You’re proposing a facility that sounds like it would run into the millions of dollars to build. Often, people need to be convinced that spending a huge sum of money like that is going to work, and is going to be for the long-term benefit of the community. You’re prepared to have that fight, as well?
If people can see a full design and see exactly who would be housed under there, where the savings are – you’ve got a lot of organizations that are community-funded spread out in buildings all over town, that could be making savings by being all under the same roof – you can draw the money from all kinds of place. This hundred-million-dollar plan to end homelessness? I mean, what I’m proposing is significantly cheaper than that.
But you understand where the $100 million comes from in that plan?
Well, it’s partially GNWT and federally funded is it not?
In terms of where it is spent.
I haven’t looked at the entire plan, so I don’t know the whole budget for it.
So you’re coming into this campaign, it sounds like you’re going to be quite big on infrastructure in terms of spending to build new facilities for the city to enjoy…
No, I’m not, actually. Look, primarily this is the major project, but actually I would like to cut back on capital spending.
OK. Such as?
Well, I would not go forward with the new pool project.
Because I think that the project should be an expansion on the multiplex and, in the future… I mean, the pool is functioning right now. I have talked to a lot of people and there’s nothing wrong with it, and we have higher priorities to spend our money on, like downtown for example, and solving the homeless issue. A recreation project of that magnitude, I think, needs to be put on the backburner until we’ve got a more solid financial base to go from. I don’t like all the capital spending and all the credit that has to be drawn to do these big projects.
The City pool right now has just closed for a month for annual maintenance – a twelfth of a year that residents don’t even have access to the current pool. We have a situation right now where a raft of swimming lessons have been cancelled, parents can’t even get enough kids into swimming. There is clearly huge demand for a swimming pool facility that is fit for purpose in this city; a lot of people listening to this will be parents with kids and they want to see recreation opportunities for their kids expand. How will you sell this part of your plan to them?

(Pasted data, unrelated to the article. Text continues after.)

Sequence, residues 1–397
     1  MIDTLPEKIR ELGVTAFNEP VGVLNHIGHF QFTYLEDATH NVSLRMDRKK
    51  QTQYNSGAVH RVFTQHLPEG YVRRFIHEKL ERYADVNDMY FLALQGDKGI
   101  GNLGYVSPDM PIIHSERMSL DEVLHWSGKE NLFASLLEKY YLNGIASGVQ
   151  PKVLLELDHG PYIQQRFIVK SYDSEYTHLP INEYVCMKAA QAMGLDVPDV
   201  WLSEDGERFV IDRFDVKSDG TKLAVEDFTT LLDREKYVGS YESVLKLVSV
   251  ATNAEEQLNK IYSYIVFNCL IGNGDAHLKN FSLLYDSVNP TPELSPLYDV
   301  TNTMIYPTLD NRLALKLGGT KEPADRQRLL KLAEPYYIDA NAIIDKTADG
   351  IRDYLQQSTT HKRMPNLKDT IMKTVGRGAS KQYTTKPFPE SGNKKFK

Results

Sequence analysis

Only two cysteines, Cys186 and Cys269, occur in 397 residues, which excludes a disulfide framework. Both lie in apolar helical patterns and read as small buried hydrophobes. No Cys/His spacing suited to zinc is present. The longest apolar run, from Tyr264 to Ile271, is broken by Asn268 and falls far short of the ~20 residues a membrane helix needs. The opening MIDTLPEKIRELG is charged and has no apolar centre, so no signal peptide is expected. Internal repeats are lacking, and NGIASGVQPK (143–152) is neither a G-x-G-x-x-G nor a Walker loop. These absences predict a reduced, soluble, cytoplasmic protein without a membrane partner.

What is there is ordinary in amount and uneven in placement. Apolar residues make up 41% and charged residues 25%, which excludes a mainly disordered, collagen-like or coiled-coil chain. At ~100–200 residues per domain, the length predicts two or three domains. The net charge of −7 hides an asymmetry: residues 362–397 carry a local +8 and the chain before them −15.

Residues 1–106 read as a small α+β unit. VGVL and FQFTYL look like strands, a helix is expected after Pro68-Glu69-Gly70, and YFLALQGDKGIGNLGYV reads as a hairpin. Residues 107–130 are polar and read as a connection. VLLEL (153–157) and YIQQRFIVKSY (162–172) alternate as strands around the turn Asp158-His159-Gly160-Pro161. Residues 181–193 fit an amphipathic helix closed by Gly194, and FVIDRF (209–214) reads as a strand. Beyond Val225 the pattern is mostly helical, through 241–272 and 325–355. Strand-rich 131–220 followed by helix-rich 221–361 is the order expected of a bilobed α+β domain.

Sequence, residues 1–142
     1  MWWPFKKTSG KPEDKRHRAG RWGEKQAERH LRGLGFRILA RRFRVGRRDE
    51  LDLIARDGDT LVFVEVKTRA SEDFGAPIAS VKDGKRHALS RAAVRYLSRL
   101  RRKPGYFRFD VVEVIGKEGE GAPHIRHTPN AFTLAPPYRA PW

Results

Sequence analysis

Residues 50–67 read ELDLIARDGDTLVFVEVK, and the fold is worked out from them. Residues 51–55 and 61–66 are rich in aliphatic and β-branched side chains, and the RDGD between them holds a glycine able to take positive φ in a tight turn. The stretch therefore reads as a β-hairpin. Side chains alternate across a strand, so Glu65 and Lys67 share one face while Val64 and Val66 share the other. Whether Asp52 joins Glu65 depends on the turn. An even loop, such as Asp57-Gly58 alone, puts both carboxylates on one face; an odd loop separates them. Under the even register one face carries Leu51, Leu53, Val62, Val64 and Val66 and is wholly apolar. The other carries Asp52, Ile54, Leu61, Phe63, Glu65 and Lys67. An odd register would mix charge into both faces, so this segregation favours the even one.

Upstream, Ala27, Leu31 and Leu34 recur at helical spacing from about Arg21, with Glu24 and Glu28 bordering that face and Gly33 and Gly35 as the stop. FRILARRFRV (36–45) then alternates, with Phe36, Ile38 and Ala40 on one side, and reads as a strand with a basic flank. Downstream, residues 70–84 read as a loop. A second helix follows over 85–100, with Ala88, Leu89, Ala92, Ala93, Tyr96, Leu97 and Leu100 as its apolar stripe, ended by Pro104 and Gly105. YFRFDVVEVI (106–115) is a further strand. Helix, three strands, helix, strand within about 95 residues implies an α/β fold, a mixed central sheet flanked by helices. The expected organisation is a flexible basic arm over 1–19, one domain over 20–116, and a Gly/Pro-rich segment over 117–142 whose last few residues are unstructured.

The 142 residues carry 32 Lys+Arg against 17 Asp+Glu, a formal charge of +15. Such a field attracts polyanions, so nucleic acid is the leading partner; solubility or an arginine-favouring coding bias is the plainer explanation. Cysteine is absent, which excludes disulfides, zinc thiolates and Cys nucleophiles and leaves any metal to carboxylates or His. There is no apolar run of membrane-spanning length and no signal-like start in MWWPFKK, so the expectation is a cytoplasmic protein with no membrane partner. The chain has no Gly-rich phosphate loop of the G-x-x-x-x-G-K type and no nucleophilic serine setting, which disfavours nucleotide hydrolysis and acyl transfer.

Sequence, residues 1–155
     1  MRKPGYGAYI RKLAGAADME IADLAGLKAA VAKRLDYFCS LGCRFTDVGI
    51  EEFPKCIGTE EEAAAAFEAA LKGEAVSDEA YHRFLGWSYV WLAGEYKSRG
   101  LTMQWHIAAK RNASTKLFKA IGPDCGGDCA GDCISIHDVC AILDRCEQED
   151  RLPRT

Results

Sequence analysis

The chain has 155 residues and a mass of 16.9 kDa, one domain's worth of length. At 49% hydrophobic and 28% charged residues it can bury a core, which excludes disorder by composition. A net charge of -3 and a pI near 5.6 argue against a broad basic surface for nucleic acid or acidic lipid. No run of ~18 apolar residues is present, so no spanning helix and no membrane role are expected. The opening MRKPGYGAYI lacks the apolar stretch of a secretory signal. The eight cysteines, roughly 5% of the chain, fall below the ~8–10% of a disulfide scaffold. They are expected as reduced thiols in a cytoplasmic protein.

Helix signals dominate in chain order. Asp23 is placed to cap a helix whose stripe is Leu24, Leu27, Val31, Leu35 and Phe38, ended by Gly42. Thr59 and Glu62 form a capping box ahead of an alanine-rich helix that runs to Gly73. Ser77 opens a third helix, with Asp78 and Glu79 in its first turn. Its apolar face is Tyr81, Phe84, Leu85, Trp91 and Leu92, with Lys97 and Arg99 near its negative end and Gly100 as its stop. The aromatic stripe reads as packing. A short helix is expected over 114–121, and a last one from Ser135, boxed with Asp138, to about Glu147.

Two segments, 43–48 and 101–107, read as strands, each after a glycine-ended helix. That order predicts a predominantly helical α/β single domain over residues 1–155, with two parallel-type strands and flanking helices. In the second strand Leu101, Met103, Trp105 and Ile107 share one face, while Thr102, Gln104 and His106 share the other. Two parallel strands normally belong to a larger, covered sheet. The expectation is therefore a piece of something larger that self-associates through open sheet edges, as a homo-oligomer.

It’s not entirely ‘no’ to a new pool. We need to reprioritize what the City actually needs first. If there is funding in the budget to replace the pool while taking care of the homeless issue, then it is going to be a decently high priority.
Well the City has currently identified both, hasn’t it? It’s identified the money for the pool and $100 million-plus, in partnership with other funding partners, for the homelessness plan.
Yeah. But they’re not being done properly. It’s not a good idea, the way that they have it all designed. I haven’t seen the entire budget for that homelessness plan, but I know it is going to be a new, standalone pool project. I don’t think that is a good place to spend the money. I think we should expand on the multiplex and make savings on the utilities and things like that, and be able to have it under the same roof.
Looking at the wider issue of the economy in Yellowknife, what would you, as mayor, be looking to do to improve our economic situation?
Well, I mean, essentially, by dealing with the homeless issue downtown, the revitalization idea could actually come to fruition in years to come. Until that is dealt with, downtown is not going to be an attractive area for anybody to be or use. So just in dealing with the one thing, you’re dealing with the other. You’re freeing up downtown to be a good place to invest again. I think that’s very good for the Yellowknife economy; it keeps things from spreading out like they seem to be in order to get away from using downtown. There are lots of other things, like we are booming with tourism right now, and obviously that’s something you have to take the reins with and run as far as you can. Small business help, like some of the ideas that have gone through like providing space for people who’ve won contests to start their own business, I think that’s a great thing and we should continue with those kinds of incentive as well. Small business really does need support and I think we should still focus on giving that.
Let’s take accommodation as an example of something where city council has recently grappled with various different issues. There are some parts of the year where accommodation for tourists is at a premium. At the same time, there’s a lot of demand on the rental market in this city. How would you deal with those twin situations?
I’m sure most listeners are aware of the situation with Nova Hotel. When they were building that hotel, there was a quagmire of red tape and trying to get it started, to the point where they just started building and the City had to catch up. For projects that are building more residential space or more commercial accommodation, we would certainly look at trying to fast-track that kind of thing to deal with an issue that is pressing, right now, to try to get these rooms in place as fast as possible.
What kind of fast-tracking? What red tape would you get rid of?
Essentially, it’s just the zoning process, the licensing process, things like that put to the top of the list, that kind of thing.
So… hang on, you would strip back those processes? How would it work quicker?